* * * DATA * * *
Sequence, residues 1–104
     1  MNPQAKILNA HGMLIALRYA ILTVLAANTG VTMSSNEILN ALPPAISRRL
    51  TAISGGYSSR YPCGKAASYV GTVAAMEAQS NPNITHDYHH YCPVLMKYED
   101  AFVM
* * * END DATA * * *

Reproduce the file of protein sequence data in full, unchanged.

Sequence, residues 1–104
     1  MNPQAKILNA HGMLIALRYA ILTVLAANTG VTMSSNEILN ALPPAISRRL
    51  TAISGGYSSR YPCGKAASYV GTVAAMEAQS NPNITHDYHH YCPVLMKYED
   101  AFVM